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What To Do If You’re Left Out Of a Will

Were you unexpectedly left out of your parents' Will? We explain your rights, and share some options for taking action.

Patrick Hicks

Patrick Hicks, @PatrickHicks

Head of Legal, Trust & Will

If a child is left out of a Will, can they contest it? Often, the answer is yes. If you were unexpectedly (and you believe unintentionally or inappropriately) left out of your parents’ Will, you do have the option of contesting it. But to be successful, a few things need to ring true. Here, we’re covering what grounds can be used to successfully contest your parents’ Will.  

Grounds for Contesting a Will 

If you can prove any of the following grounds, your chances of contesting a Will and having it overturned become increasingly more likely to succeed. 

Not Explicit

If you’re not explicitly excluded in your parents’ Will, it’s very likely the courts may presume that you were inadvertently left out. Likewise, if you were born after their Will was executed, a probate court can rule that you’re entitled to your share of the assets and property in the Will. This may be one of the easiest grounds to prove that your parents’ Will is not valid. 

However, if the Will has any language that clearly, directly or explicitly writes you out of an inheritance, the chances of you “winning” your case significantly reduces.

Undue Influence or Duress

If you believe a parent was under undue influence or duress at the time they were creating and/or signing their Will, you may have a good case to successfully contest it.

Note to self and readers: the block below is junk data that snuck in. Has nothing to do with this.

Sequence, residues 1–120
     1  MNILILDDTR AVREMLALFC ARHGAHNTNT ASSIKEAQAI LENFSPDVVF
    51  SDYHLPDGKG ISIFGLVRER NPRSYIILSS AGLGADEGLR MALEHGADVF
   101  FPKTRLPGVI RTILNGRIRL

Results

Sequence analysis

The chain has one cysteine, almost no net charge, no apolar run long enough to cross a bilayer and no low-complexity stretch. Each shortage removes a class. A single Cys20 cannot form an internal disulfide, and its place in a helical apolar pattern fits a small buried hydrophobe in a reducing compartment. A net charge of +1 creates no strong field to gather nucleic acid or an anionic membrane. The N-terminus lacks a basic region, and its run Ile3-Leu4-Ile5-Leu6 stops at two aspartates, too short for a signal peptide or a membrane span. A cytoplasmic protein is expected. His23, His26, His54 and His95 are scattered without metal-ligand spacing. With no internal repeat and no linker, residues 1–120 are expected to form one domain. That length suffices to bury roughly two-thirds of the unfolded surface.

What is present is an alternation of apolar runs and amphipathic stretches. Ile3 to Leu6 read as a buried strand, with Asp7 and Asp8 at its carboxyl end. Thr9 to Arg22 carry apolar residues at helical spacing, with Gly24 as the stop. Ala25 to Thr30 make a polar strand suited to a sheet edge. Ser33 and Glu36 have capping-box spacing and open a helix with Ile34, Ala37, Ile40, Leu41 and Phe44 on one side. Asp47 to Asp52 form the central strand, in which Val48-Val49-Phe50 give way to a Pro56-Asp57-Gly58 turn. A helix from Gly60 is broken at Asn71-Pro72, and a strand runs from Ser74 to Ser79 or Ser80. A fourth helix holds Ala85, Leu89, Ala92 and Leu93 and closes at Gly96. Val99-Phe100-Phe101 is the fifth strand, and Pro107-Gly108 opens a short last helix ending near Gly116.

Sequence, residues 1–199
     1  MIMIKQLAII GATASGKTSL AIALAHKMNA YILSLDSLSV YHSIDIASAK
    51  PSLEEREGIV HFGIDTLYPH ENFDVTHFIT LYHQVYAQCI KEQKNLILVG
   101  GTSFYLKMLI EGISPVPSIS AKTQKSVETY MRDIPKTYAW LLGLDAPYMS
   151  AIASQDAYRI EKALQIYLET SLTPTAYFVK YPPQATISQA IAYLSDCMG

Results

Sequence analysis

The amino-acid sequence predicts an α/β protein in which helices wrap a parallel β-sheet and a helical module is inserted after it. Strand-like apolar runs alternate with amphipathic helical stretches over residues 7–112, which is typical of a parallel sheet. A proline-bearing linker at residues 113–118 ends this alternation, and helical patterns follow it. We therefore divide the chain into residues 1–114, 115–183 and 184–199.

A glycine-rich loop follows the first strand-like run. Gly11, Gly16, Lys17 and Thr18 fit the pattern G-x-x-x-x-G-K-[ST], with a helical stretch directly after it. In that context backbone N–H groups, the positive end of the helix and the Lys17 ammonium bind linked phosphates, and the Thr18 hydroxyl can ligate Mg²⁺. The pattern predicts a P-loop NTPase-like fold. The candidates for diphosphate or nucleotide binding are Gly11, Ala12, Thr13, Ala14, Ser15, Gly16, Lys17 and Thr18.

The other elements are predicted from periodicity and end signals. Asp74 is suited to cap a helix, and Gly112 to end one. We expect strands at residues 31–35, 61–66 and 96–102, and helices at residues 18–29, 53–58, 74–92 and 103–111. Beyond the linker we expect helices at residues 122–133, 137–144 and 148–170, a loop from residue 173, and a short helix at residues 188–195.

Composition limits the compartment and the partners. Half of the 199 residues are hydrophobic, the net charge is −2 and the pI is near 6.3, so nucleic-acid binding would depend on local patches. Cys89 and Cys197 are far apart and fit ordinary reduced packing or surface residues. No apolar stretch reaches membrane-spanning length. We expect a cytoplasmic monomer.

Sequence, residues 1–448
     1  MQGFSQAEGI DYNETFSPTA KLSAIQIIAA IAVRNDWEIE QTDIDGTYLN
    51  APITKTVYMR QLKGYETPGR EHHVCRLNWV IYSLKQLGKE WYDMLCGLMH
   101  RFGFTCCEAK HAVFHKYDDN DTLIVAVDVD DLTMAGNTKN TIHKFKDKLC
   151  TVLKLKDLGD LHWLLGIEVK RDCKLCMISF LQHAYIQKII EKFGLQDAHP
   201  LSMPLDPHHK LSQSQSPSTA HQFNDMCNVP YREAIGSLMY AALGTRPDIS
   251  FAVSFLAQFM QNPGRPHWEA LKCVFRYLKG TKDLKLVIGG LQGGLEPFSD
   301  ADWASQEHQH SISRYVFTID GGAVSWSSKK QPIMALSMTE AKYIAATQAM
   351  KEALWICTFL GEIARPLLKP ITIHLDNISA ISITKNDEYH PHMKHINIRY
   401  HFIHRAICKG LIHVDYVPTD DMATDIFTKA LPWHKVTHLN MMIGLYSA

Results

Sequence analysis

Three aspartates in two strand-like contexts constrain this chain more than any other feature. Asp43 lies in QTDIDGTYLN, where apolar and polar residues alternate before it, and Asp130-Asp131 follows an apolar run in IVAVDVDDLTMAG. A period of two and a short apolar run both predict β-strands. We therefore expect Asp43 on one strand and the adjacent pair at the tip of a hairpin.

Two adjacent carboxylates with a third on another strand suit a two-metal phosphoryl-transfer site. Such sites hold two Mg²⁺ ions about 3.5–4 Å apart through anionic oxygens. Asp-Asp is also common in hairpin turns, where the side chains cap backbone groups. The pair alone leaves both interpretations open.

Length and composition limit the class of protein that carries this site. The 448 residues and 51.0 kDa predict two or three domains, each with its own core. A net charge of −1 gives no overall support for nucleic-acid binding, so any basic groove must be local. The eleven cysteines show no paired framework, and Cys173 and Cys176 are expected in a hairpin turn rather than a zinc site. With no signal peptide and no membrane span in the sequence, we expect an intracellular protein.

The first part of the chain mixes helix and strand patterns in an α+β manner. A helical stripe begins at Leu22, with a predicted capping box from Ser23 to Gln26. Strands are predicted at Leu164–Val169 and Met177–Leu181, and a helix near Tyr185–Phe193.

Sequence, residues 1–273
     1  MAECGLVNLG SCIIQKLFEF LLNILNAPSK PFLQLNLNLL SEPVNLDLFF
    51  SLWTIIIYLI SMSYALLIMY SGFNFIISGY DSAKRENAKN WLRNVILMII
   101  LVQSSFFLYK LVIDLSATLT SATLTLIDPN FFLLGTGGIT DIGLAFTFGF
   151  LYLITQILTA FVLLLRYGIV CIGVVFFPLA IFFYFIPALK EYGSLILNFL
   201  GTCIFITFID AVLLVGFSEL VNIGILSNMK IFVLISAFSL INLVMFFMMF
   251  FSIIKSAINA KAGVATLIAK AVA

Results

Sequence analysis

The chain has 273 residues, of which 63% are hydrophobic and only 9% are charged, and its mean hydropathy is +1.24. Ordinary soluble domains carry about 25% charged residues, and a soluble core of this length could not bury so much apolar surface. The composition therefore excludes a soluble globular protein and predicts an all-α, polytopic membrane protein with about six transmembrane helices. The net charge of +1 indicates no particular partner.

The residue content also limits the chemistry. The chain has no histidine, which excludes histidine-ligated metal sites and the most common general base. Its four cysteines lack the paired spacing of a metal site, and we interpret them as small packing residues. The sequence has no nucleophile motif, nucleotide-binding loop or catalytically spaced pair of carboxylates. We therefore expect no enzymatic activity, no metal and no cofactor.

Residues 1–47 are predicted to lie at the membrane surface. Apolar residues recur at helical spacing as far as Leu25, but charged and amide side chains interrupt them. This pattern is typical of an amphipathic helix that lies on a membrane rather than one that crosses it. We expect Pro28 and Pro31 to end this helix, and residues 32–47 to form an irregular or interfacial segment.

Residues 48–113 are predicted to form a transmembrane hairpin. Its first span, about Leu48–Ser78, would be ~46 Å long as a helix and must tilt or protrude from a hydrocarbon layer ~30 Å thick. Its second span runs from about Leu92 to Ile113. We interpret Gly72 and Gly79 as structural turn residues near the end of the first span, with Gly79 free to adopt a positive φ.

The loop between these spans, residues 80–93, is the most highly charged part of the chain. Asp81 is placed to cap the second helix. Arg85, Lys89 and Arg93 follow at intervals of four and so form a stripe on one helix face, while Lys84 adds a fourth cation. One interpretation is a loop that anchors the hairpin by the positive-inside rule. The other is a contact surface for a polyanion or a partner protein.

Undue Influence: Being under undue influence means at the time of creating and signing the Will, one or both parents were either psychologically or mentally influenced by someone they thought they could trust. 

Duress: Signing a Will under duress means one or both of your parents felt they didn’t have any other option but to sign the Will without naming you as a beneficiary. Duress could be due to coercion or fear of repercussion or bodily harm.  

Not of Sound Mind

Finally, if you believe either (or both) of your parents were lacking capacity or they weren’t of sound mind, you may be able to convince the court that their Will isn’t valid. Keep in mind, you’ll need to provide clear evidence and proof that demonstrates, without a doubt, the Will was signed by someone who wasn’t capable of making sound decisions.

While the burden of proof can be challenging to present, if you’re able to demonstrate a lack of capacity, there is a chance the Will could be overturned.

How Can I Contest a Will?

If you truly believe you’re within your rights to contest your parents’ Will, you can start the process of contesting it in the courts. But before you begin, make sure you have legal standing to actually do so. This means you need to have been a potential beneficiary and have a rightful claim to some or all of the estate (for example, you’re a biological child of the decedent). 

Also, you need to have grounds. Contesting a Will “just because you don’t like it” is not valid and would ultimately be rejected.

For more about how to contest a Will, check out our in-depth article: Contesting a Will: A Complete How-To Guide 

If you do decide to go through the process, be prepared for an arduous, complicated and often stressful journey. You should be mentally prepared for the challenge before you move forward. 

It can be a terrible feeling to think you might not receive what’s rightfully yours. If you feel you’ve got grounds to successfully contest your parents’ Will, remember you have options. Your first step should be to arm yourself with the knowledge of your rights and the process you’ll need to go through to have the Will overturned. 

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